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Spectral Evidence: The Ramona Case: Incest, Memory, and Truth on Trial in Napa Valley Hardcover – May 26, 1997

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Editorial Reviews Review

Gary and Stephanie Ramona were part of a fairly typical, affluent Napa Valley family when Holly, the eldest of their three daughters, "remembered" her father raping her. Though the Ramona family was far from cohesive, Holly's accusations destroyed whatever glue had held them together. The lines were drawn clearly: the women of the family, Stephanie and her three daughters, shut Gary out swiftly and surely. Hoping to win his children back, he fought back the only way he knew how. The lawsuit he brought against Holly's therapist, whom he believed planted Holly's disturbing memories, set a precedent, and it would inevitably affect both the counseling profession and this gentrified community the Ramonas called home.

Spectral Evidence tells the story of a modern-day witch trial, a sad and disturbing battle in which nobody wins. This harrowing account of sheltered elite lives suddenly thrust into a national spotlight raises more questions than it answers. Johnston's approach to the subject is evenhanded: there are no true villains, nor are there heroes. The story is riveting, and Johnston is fair yet passionate. --Lisa Higgins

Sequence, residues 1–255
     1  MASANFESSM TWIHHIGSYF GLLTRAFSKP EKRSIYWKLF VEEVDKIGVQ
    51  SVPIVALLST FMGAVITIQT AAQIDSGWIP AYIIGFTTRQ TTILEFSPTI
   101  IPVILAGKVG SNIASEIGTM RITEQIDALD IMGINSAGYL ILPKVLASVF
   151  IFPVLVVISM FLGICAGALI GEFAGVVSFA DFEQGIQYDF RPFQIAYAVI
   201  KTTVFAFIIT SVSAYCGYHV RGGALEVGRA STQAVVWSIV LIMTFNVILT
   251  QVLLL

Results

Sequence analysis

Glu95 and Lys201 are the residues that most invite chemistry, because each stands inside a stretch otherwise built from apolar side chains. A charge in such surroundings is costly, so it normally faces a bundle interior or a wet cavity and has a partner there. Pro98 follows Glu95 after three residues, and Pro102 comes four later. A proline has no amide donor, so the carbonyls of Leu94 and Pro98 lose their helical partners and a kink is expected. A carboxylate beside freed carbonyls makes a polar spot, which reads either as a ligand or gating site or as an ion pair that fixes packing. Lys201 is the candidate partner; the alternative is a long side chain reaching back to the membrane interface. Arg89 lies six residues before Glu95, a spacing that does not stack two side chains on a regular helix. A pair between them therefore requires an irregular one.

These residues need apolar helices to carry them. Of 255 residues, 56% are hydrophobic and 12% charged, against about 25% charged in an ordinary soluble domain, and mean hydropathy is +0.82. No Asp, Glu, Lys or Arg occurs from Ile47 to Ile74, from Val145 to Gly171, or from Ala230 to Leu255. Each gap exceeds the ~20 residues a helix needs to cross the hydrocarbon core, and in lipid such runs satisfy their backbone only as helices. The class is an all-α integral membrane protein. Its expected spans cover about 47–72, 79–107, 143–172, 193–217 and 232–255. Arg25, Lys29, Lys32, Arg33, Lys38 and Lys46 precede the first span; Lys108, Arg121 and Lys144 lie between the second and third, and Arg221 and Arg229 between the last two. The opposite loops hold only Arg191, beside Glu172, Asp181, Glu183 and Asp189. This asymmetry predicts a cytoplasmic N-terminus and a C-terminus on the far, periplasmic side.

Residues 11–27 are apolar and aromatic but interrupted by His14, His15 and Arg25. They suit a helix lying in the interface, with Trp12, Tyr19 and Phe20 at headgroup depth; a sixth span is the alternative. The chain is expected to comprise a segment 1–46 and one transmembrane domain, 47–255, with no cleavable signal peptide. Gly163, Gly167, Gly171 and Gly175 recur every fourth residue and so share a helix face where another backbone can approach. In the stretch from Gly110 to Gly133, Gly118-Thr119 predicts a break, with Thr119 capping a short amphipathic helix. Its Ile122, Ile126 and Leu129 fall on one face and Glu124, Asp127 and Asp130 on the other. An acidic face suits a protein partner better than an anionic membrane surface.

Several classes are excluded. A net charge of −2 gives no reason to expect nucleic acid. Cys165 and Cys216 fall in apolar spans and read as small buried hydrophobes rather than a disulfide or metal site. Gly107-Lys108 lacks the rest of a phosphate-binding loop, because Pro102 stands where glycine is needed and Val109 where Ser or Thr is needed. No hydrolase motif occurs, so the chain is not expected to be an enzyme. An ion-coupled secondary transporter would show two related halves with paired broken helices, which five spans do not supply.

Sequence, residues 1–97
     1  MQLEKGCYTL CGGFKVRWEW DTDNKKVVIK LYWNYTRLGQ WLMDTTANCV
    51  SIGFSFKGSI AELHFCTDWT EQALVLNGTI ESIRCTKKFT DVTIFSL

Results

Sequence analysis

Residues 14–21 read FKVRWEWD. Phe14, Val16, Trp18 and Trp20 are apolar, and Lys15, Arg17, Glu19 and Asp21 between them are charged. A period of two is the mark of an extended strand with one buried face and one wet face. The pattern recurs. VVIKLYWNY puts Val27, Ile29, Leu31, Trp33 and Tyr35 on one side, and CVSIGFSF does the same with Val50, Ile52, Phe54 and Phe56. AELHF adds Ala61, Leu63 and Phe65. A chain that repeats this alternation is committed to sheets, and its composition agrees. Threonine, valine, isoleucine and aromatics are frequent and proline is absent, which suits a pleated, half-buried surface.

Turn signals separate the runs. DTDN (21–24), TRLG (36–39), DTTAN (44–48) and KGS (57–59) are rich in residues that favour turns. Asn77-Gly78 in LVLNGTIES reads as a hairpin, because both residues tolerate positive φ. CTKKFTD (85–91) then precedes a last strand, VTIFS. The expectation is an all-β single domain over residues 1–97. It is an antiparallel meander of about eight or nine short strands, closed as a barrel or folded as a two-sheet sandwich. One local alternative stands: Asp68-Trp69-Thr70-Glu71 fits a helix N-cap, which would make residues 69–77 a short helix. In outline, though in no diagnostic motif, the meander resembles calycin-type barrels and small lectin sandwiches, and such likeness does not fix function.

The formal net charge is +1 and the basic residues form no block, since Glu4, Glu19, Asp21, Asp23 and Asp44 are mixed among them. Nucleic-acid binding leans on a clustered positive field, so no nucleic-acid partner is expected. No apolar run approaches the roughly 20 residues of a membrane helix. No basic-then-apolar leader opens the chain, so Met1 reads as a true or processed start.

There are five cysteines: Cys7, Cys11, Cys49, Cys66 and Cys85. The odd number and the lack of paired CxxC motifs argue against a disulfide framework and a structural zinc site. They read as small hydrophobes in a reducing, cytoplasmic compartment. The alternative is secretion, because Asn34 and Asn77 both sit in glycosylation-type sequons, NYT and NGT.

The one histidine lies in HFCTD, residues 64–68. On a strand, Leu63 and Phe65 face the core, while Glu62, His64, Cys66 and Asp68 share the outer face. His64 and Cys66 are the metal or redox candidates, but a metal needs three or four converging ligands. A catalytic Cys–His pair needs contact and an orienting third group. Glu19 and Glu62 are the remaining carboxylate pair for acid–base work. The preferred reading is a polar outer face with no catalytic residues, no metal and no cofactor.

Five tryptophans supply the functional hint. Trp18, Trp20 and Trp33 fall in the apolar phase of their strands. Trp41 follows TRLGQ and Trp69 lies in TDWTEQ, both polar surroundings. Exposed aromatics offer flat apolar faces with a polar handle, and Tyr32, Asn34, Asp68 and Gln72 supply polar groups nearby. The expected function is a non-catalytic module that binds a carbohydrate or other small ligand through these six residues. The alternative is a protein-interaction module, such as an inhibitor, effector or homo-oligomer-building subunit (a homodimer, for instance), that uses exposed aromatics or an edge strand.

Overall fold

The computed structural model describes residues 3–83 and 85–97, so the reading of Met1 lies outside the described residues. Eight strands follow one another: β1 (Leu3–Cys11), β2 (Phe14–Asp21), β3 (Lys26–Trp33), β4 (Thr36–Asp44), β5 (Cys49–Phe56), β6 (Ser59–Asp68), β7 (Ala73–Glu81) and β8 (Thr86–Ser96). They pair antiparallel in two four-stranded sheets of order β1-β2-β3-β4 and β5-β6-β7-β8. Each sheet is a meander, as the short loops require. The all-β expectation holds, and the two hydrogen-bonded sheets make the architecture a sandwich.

From Booklist

In 1994, Gary Ramona became the first nonpatient allowed to sue psychotherapists, alleging damage to himself resulting from negligent treatment of his daughter. With emotions running high on both sides of the recovered-memory debate, this was a landmark event, impacting the counseling profession as well as other court cases. Investigative journalist Johnston centers the story of the complicated legal battle following Holly Ramona's accusation of childhood sexual abuse by her father within an exploration of the larger social climate and the latest developments in memory-related scientific research. Johnston crafts a compelling narrative from interviews with family, neighbors, jurors, and scientists, personal observations of the trial, and descriptions from court transcripts and depositions. All sides of the story are presented, revealing the complexities of a situation that pits father against daughter, major insurance money against a single individual, and the experience of clinicians against laboratory research. Asserting her own view without being pedantic, Johnston is meticulous in identifying her sources. Grace Fill

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Product Details

  • Hardcover: 440 pages
  • Publisher: Houghton Mifflin (May 26, 1997)
  • Language: English
  • ISBN-10: 0395718228
  • ISBN-13: 978-0395718223
  • Product Dimensions: 8.8 x 5.6 x 1.5 inches
  • Shipping Weight: 1.7 pounds
  • Average Customer Review: 3.8 out of 5 stars  See all reviews (8 customer reviews)
  • Amazon Best Sellers Rank: #3,477,603 in Books (See Top 100 in Books)

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Customer Reviews

Most Helpful Customer Reviews

16 of 17 people found the following review helpful By Amazon Customer on October 7, 2000
Format: Paperback Verified Purchase
I first learned of this fine volume--named from an expression born during the Salem witch trials--while at a skeptic's meeting the keynote speaker for which had gone through a bogus "therapy" which ended her marriage and nearly her life. The person who told me of the book pointed out that the book's alleged victim, the one who'd "recovered" her memories--one of the turns for the worst of the victim culture--is now a therapist. Why does that not surprise me?